I hope you can bear with me for just a moment as I dig up a very old and what might seem like a totally irrelevant and useless word; Pointillism. Lets start by saying that the prefix "point" in pointillism brings to mind something small, like the tip of a small brush, when in fact, Pointillism (the movement) was all about individual brush-strokes. So if we could broaden our vision just a bit to include larger brush-strokes and then allow abstraction as well as realism or representation, you'll find that we're in a new place.
And this is what I'd like you to consider as you look at the paintings of Judith Murray. Pointillism was/is a very good idea (way to think about painting) and through the years many an artist has proudly picked up this banner to carry it forward. But what goes unnoticed are all the artists who have joined the ranks and don't fly the colors. If you read any text about Judith's work, no one it talking about her breaking down the picture into brush-strokes (which would be pointillism). Instead they're using all the current verbiage that one uses to promote a female painter. And she deserves any and all the praise and promotion they can give her. But I'm just hoping that now, what you'll see in her lovely paintings is the fresh, reincarnation of Pointillism; a wonderful old tool that still works well.
There's a show up, at the RH Gallery called Text In Progress and it's my kind of show. They have a couple of the usual suspects like Leon Farrari and Fiona Banner who bring some familiarity to what might be a whole new experience for some gallery-goers. I can't tell you how excited I get when I encounter a painting that you can read. For me there's just something magical about that.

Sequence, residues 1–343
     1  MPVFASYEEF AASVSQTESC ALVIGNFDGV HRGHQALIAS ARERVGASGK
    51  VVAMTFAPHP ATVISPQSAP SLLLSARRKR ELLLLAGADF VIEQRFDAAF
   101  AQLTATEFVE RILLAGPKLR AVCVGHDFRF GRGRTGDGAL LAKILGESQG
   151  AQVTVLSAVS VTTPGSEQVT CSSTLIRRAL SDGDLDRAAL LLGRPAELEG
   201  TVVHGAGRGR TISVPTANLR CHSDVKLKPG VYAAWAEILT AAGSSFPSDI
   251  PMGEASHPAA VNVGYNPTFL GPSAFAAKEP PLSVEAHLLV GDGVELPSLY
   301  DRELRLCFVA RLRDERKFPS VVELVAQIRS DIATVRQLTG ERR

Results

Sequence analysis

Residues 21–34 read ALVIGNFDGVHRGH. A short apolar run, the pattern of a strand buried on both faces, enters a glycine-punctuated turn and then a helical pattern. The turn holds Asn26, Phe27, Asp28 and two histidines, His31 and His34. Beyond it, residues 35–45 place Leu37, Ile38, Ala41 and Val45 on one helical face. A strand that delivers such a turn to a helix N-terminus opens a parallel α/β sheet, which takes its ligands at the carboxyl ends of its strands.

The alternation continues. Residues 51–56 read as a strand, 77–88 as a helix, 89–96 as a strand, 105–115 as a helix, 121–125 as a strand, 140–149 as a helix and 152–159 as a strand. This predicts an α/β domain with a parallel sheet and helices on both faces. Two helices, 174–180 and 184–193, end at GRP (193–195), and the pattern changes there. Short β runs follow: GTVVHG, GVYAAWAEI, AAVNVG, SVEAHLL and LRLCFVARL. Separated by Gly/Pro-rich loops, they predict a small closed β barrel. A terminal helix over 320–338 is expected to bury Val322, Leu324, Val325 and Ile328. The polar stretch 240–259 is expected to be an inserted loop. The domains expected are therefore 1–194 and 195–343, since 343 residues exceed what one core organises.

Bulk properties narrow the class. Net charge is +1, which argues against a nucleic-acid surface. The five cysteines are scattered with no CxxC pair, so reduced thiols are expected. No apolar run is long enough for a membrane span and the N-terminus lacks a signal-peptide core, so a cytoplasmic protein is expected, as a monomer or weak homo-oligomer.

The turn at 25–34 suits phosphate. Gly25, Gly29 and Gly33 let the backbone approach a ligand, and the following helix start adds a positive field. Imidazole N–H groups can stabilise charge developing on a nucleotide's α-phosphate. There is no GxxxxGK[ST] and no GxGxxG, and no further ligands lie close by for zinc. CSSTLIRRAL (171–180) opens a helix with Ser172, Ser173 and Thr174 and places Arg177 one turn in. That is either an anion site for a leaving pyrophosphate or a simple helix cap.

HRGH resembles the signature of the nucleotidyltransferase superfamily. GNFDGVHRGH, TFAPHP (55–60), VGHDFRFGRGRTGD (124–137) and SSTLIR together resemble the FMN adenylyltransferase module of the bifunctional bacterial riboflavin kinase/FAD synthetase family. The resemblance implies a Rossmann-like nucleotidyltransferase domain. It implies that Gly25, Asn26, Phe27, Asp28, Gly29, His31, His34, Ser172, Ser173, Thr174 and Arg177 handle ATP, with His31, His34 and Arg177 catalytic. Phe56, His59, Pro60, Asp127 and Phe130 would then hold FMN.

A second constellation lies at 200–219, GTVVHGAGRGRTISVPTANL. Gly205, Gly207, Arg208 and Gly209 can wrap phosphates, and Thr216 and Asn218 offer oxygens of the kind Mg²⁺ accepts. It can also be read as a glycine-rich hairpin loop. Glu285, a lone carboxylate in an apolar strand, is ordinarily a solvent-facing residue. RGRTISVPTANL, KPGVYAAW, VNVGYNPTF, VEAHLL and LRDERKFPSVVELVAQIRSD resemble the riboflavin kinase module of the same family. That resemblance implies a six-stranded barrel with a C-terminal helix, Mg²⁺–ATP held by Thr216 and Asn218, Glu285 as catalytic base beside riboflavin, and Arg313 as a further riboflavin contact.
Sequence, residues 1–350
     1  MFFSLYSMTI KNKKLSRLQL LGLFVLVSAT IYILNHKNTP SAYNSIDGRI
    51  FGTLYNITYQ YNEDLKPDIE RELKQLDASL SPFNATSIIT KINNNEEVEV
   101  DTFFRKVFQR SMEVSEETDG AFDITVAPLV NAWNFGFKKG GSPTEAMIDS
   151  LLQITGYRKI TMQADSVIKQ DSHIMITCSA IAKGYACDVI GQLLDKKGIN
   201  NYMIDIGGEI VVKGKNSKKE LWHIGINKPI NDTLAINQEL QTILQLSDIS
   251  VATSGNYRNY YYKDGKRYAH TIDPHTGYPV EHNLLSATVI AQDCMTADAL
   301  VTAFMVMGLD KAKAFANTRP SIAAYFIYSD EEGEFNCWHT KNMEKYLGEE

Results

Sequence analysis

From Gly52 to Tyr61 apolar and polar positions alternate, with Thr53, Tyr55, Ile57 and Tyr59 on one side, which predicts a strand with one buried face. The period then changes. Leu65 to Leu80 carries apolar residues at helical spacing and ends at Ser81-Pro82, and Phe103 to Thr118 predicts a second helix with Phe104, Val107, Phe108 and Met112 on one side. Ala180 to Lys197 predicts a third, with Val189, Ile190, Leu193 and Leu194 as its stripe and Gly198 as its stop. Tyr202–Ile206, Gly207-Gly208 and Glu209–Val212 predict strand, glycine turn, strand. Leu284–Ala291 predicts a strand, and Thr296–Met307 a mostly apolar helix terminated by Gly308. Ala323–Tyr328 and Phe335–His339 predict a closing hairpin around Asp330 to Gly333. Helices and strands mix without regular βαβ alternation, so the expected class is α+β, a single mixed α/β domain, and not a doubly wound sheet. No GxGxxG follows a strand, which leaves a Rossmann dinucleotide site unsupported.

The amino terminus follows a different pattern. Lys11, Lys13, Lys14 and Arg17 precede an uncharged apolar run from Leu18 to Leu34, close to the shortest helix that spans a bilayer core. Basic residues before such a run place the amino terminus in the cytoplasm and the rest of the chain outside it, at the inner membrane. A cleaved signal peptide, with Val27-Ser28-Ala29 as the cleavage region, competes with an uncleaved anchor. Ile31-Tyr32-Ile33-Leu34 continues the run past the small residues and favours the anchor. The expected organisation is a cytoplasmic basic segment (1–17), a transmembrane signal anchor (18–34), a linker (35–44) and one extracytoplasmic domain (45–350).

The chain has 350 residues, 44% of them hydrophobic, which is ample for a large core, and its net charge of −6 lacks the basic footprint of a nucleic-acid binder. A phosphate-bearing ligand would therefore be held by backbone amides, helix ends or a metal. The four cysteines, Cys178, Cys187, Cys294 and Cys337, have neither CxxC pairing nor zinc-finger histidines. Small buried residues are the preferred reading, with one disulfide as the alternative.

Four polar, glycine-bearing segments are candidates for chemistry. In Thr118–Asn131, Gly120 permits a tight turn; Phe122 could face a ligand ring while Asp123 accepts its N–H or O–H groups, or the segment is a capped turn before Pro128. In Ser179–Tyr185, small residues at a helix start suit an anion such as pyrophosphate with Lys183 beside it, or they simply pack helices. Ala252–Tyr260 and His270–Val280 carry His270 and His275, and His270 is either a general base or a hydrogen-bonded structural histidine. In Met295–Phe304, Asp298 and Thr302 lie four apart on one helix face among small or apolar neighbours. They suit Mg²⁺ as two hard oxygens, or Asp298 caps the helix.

Other than Leon's work, I was most intrigued by Joe Hardesty. The image is from his Website.
The sticky question for me is whether this is word-text paintings or language-based art. . . . .
I've had the distinct pleasure of making the acquaintance of Allen C. Smithaka Denny Smith and watching his oeuvre expand and mature. It wasn't that many years ago that he was working plein-air on a 15ft "painting" of sailboats at the Keuka Lake Art Fair in Hammonds Port, NY. and a friendship was born. Back then he was using wax crayons and both the subject matter and the medium seemed meant for each other. Later he began a series of geo-minimal compositions using graphite; these were amazingly elegant and luxurious and a quantum leap in seriousness. But alas, these too had inherent problems which lead him to experiment with yet, other mediums. He's currently working in water color and his Bon Chance Series is particularly interesting because he's using both rules and chance to determine the colors, lines and layers in these grid-oriented compositions. Once, during a studio visit he explained how that when he sets his mind free and gets into his "zone", that the motions of his painting are akin to scribbling - unplanned gestures that are free of intellectual guidance; and the enjoyment he fells when the physical supersedes the mental. Obviously it's all under control, and it was special to be privy to this artist's inner guidance system.